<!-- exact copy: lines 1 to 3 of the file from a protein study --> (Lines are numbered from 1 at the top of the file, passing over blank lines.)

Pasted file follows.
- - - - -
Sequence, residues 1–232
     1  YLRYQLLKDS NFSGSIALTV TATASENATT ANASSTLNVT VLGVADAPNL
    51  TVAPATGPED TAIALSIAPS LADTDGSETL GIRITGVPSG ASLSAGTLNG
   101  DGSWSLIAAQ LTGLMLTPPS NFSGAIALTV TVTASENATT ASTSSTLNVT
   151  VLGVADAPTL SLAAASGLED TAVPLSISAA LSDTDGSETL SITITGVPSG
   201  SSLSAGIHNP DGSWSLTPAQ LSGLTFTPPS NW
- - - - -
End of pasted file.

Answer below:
Sequence, residues 1–232
     1  YLRYQLLKDS NFSGSIALTV TATASENATT ANASSTLNVT VLGVADAPNL
    51  TVAPATGPED TAIALSIAPS LADTDGSETL GIRITGVPSG ASLSAGTLNG